WICHITA, Kan. -- A federal judge today refused to grant a preliminary injunction that would have allowed Wichita State starting center Ozell Jones to play in tonight's NCAA tournament game.
U.S. District Judge Patrick Kelly said there was a rational basis to the NCAA's ruling that high schools were the best qualified to decide whether a student is academically eligible.
'The NCAA has determined that each high school has the responsibility to set its standard,' Kely said in denying Jones' request for the injunction.
'It strikes me that under the rules, notwithstanding different methods authorized to compute grades, each must involve all the students, and this is not the case with Polytechnic, the school he (Jones) graduated from.'
The judge's decision -- which will keep Jones off the court -- came just eight hours before Wichit State was to play Southern University in the first round of the NCAA subregional at Wichita. Jones had been declared ineligible last week by Wichita State, and Jones was seeking to win a continuance of the 10-day court restraining order issued March 3.
The suit was filed by Jones and his attorney, Lee Woodard, against the NCAA, Wichita State and the Missouri Valley Conference. The league was dropped from the suit Thursday.
The school had declared Jones ineligible because of the NCAA rule governing whether high schools could use physical education grades in computing an athlete's grade point average. Jones had a 2.38 GPA with P.E. grades computed, but was below the NCAA's 2.00 limit without those grades.
The school that Jones attended, Polytechnic H.S. in Long Beach, Calif., occasionally used both methods to compute students' GPAs, but the NCAA ruled that Polytechnic 'normally' did not count P.E.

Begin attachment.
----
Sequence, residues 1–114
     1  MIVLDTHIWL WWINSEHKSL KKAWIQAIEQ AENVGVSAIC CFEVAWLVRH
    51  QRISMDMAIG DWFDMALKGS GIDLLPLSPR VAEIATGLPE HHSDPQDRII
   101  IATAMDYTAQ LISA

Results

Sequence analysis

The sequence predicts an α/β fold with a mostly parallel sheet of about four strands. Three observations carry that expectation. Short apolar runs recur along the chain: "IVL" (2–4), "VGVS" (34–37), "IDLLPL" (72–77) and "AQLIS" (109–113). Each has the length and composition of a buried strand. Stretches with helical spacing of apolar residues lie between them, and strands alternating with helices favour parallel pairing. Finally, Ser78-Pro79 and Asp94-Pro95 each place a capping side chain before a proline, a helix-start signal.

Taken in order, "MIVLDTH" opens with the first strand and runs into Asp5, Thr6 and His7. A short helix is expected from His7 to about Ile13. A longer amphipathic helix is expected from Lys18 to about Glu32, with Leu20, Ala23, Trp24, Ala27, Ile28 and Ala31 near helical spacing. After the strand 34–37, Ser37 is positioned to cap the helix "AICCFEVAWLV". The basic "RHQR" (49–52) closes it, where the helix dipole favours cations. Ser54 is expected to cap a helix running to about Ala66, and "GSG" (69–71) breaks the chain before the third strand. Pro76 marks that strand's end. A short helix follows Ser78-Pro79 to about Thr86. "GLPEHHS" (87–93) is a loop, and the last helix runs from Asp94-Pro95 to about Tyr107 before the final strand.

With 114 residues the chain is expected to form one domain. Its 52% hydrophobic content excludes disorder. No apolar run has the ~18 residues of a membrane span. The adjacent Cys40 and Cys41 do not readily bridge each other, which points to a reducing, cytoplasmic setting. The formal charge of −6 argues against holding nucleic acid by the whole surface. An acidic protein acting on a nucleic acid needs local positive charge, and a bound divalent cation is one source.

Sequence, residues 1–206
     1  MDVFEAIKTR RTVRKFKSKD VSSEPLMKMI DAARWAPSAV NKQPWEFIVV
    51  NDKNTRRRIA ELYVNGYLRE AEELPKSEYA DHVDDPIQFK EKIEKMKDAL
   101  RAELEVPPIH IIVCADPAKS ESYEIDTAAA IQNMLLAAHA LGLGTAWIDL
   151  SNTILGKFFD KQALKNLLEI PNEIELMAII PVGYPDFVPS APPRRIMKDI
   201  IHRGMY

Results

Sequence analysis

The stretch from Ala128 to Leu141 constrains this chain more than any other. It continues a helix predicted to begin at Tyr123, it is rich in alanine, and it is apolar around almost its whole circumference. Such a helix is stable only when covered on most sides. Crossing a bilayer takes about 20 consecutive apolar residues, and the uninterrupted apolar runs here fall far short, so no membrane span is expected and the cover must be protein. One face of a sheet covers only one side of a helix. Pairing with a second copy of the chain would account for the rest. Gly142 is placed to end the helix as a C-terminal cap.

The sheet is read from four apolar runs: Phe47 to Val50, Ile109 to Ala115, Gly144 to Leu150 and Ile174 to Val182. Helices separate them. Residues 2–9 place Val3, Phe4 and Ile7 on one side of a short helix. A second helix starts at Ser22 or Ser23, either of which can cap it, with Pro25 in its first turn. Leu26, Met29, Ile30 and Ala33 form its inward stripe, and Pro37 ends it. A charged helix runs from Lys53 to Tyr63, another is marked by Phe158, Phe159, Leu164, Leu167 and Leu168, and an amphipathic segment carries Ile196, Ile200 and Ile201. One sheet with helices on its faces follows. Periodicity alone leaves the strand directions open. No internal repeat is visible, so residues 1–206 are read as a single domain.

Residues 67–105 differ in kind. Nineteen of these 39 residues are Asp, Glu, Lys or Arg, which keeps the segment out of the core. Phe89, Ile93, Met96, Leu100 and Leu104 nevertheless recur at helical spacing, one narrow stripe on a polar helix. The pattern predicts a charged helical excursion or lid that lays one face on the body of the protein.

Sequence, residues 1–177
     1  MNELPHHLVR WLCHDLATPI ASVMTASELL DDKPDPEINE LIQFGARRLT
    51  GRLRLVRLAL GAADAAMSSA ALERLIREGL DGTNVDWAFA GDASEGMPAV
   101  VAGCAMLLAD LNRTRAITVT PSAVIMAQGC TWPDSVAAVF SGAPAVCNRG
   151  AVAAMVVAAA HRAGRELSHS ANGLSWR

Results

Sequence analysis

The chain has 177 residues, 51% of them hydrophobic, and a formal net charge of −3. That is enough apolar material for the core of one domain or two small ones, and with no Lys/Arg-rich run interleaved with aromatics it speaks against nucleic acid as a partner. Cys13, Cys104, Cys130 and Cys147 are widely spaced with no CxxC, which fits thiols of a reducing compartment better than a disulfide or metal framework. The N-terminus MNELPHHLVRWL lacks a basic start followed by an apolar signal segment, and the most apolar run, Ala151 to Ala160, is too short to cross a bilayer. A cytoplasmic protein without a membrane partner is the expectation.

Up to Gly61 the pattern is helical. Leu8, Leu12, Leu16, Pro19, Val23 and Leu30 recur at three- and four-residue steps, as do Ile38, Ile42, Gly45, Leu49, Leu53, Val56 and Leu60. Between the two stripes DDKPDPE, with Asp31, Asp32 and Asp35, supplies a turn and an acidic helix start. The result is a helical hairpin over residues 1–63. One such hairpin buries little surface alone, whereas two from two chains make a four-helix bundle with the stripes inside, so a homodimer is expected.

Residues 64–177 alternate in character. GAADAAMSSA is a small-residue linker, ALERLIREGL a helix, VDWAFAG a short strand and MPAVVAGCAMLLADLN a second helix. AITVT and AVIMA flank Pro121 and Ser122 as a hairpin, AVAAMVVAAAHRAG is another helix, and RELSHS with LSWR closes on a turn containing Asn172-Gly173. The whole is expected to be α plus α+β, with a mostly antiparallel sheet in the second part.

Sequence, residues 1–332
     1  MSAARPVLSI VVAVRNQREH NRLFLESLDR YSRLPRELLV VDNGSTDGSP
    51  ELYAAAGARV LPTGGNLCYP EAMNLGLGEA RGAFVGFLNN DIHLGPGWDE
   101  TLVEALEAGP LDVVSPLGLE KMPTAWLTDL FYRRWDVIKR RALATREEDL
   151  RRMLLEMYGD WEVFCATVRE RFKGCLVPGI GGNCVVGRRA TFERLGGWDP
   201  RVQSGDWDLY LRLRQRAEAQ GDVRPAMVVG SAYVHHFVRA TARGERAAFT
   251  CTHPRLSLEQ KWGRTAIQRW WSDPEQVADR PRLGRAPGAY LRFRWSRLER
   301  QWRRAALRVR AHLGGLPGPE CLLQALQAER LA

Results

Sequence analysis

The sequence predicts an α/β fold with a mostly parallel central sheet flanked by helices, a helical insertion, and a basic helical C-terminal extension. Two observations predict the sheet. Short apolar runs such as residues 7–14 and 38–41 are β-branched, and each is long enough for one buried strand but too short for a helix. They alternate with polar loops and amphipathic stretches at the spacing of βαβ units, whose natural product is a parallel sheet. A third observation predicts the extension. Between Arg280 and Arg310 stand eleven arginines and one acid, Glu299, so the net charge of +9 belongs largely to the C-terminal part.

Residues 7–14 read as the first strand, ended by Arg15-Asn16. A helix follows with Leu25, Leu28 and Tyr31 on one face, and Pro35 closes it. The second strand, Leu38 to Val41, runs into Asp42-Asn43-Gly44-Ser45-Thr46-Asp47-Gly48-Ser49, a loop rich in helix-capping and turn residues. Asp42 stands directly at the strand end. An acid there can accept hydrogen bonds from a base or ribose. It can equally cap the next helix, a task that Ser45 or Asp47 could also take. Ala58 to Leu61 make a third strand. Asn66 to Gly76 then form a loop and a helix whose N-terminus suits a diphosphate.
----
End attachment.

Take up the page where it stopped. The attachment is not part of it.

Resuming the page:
Kelly said he interpreted NCAA rules to mean a high school could use any of several methods -- whether including physical education grades or not -- in computing an athlete's GPA.
But Steve Morgan, an NCAA rules enforcement officer, testified that was true only if all students at a school used that method of computation. Morgan said allowing Jones to play would open a floodgate of universities trying to push prospective athletes past NCAA rules requiring a 2.00 grade point average, which he defended as neccessary to ensure athletes meet minimal academic standards.
During the entire six hours of hearings, the witnesses and attorneys devoted little comment to what Kelly said was the key legal question -- whether the NCAA had set a double standard in allowing different schools to use different methods to compute a GPA.
NCAA attorney John Kitchin said that the NCAA must maintain that policy because the high schools -- not the NCAA -- were best able to determine a student's academic achievement.